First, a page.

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Tampa Bay businesses step up to help others survive coronavirus

One company decided to forgo collecting rent in April. Two others started making hand sanitizer to give away.

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These are trying times, the kind that bring out the worst in us. But the turmoil also reveals a better side. Acts of humanity perpetrated without fanfare — selfless, sometimes anonymous, often inspiring.

A neighbor mows a nurse’s lawn, knowing she’s working another double shift at the hospital. A stranger scrounges up a couple of rolls of toilet paper for the elderly man with a sick wife at home.

Businesses get in on the act. The good ones offer extra leave to sick employees. They pay contractors, even though they can’t work. They give out bonuses to help pay for groceries.

Scott Sherman, co-founder and managing principal of Tricera Capital. [Tricera Capital]

Scott Sherman is a landlord. His company, Tricera Capital, owns about 10 buildings around Central Avenue in St. Petersburg, along with others in Tampa and South Florida. Rent payments are the lifeblood of his business. If tenants don’t pay, Tricera could struggle.

But Sherman knew the crisis was crushing his retail tenants, including the Latin eatery Bodega, Pacific Counter, Enigma Bar & Lounge, and Maple Street Biscuit Company. The state had closed bars and limited the number of patrons in restaurants. Now, they can only serve take-out. He felt he had to do something, so he decided not to collect rent for April.

Along Central Avenue annual rents have reached $45 to $50 a square foot. A small 2,000-square-foot sit-down restaurant, for instance, would pay $100,000 a year.

“We could see how much the businesses were hurting,” he said. “This felt like it would help.”

Tricera is in good financial shape, but it’s not a huge corporation with billions of dollars in cash lying around. The company is allowing the retailers to spread the April rent over the end of their leases. By then, Sherman knows some of them might not be in business. He also knows that if restaurants, bars and shops stay closed — or severely curtailed — for long, Tricera will suffer.

Is he worried that his financial gesture could contribute to hardship at his own company?

“We’ll worry about that six months from now,” he said.

Bodega co-owner George Sayegh appreciated the relief. He and his wife had to close all three of their locations on Thursday. Not having to worry about a rent payment will soften the blow. On Saturday, he was figuring how to safely give away thousands of dollars worth of perishable food to his 60 employees.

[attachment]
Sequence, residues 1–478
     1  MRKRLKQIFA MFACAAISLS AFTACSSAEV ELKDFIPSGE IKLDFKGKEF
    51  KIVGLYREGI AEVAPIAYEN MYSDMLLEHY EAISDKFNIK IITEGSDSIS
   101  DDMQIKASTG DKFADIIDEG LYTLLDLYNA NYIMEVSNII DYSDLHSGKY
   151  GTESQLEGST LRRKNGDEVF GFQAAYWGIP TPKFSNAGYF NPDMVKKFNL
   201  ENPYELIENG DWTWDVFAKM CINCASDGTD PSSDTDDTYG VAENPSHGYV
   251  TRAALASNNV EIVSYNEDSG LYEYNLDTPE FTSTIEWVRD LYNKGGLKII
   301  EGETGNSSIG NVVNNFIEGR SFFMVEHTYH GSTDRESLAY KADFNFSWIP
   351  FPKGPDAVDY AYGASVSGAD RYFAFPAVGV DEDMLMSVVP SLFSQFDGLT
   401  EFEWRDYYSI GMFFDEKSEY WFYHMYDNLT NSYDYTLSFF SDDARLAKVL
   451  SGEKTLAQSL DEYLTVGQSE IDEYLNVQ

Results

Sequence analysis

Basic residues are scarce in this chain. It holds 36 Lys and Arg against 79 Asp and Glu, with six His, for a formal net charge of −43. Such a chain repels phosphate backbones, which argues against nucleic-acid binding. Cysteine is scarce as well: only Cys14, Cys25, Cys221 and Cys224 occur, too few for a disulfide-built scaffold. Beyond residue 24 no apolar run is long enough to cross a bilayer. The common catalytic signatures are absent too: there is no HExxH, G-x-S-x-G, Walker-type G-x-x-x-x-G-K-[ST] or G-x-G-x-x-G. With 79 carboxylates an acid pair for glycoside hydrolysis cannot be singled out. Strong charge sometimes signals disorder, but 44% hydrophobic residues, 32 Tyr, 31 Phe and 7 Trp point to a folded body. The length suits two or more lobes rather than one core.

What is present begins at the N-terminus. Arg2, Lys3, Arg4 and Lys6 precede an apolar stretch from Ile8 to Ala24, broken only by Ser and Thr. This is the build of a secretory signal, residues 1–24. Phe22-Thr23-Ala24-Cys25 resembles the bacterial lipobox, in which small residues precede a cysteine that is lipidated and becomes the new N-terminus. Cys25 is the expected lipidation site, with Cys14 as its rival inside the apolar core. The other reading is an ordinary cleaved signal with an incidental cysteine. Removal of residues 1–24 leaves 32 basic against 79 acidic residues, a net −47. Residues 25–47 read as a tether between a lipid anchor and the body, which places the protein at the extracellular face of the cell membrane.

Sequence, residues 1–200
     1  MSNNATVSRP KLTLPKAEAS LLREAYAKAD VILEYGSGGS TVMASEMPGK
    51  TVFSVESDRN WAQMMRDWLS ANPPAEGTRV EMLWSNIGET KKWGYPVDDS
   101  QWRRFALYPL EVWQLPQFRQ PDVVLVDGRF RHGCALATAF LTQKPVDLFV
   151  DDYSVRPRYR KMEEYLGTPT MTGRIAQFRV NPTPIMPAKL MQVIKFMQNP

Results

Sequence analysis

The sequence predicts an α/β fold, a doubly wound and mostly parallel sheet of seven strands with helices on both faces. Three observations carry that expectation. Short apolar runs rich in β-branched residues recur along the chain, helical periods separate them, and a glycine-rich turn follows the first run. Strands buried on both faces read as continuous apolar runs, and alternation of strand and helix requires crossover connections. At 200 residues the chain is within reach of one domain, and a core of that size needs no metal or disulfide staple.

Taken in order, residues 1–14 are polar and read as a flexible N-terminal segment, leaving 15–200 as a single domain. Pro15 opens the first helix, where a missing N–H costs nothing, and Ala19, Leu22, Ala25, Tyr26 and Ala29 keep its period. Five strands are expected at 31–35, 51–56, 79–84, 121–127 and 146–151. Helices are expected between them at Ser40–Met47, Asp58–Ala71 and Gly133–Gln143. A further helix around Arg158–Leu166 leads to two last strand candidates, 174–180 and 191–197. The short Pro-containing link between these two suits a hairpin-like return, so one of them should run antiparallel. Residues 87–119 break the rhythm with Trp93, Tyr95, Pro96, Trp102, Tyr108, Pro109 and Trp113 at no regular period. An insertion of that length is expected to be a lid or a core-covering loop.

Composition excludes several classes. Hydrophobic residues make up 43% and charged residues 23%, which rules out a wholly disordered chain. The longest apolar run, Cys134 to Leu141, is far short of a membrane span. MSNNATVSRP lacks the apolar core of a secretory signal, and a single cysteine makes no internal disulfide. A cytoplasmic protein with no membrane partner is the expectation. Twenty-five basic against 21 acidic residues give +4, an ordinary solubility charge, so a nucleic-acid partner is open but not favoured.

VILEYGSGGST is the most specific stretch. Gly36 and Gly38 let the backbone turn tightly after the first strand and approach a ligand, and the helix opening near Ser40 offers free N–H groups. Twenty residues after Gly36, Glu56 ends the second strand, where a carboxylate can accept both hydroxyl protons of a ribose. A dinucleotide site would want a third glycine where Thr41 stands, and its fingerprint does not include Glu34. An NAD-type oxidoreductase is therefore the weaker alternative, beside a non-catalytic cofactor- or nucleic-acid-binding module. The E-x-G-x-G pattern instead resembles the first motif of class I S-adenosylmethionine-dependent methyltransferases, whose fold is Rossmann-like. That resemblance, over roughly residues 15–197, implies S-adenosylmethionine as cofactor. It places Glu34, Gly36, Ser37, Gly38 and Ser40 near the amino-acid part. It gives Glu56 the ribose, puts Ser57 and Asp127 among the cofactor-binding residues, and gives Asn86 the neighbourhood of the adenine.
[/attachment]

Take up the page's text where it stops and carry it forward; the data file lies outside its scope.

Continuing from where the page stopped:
“It helps with morale to know that they care enough to suspend the rent," he said. “You know it will hurt them financially, but they did it anyway.”

The governor ordered all gyms to close Friday, but that hasn’t stopped CrossFit 9 on Sixth Avenue S in St. Petersburg from coming up with a creative way to help retailers. The gym is promoting a “Community Hero Virtual Race.” Racers sign up online and choose their own 5- or 10-kilometer route. Post a finish line picture and the gym will use the $20 or $30 entry fee to buy gift certificates to local shops and restaurants. It will raffle off the certificates to race participants.

3 Daughters Brewing in St. Petersburg used its equipment to make free hand sanitizer. Kozuba & Sons Distillery is doing the same and vowed to donate a large portion of the initial production to first responders, medical facilities and community organizations.

Valley Bank, with 17 offices in the Tampa Bay area, has increased limits on debit and credit cards. Clients who have a loan with the bank can get interest and principal payments deferred for three months. In many cases, the bank is also waiving overdraft fees and early withdrawal penalties for anyone who has to tap a certificate of deposit for emergency purposes.

Joseph Chillura, chief retail and business banking officer at Valley Bank. [Valley Bank]

In the Tampa Bay area, businesses make up about three-quarters of the bank’s clients, said Joseph Chillura, a senior executive vice president and chief retail and business banking officer.

“It's important that we provide assistance and a backstop for people when things get tough,” he said. “We are part of the community and the community needs help.”

Talk to the people and businesses lending a hand and you’ll hear a similar theme.

People are hurting.

We’re in this together.

We could be them.

I couldn’t just stand by.

It’s easy to go into survival mode when the world feels like it’s coming apart. I’m looking at you, toilet paper hoarder. It’s also easy to get jaded. Banks should help out, critics say. Landlords, too. Yes, they should do their part, if they have the means. But during hard times, it’s not so easy to put the interests of others ahead of our own.

The businesses in this column felt compelled to act. They did the right thing because it felt like the right thing to do. Kudos to them.

Note to readers: Do you know of a business or organization that is going above and beyond to help out? Please send their stories to gbrink@tampabay.com.

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